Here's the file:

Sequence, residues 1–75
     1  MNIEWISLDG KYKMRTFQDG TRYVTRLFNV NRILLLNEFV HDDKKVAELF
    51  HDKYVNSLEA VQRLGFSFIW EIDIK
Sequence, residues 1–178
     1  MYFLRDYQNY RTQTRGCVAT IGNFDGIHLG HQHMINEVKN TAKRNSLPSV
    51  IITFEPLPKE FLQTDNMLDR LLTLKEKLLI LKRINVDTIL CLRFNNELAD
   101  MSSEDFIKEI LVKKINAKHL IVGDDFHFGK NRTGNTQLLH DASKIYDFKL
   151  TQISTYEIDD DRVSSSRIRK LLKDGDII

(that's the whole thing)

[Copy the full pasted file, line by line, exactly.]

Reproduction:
Sequence, residues 1–75
     1  MNIEWISLDG KYKMRTFQDG TRYVTRLFNV NRILLLNEFV HDDKKVAELF
    51  HDKYVNSLEA VQRLGFSFIW EIDIK
Sequence, residues 1–178
     1  MYFLRDYQNY RTQTRGCVAT IGNFDGIHLG HQHMINEVKN TAKRNSLPSV
    51  IITFEPLPKE FLQTDNMLDR LLTLKEKLLI LKRINVDTIL CLRFNNELAD
   101  MSSEDFIKEI LVKKINAKHL IVGDDFHFGK NRTGNTQLLH DASKIYDFKL
   151  TQISTYEIDD DRVSSSRIRK LLKDGDII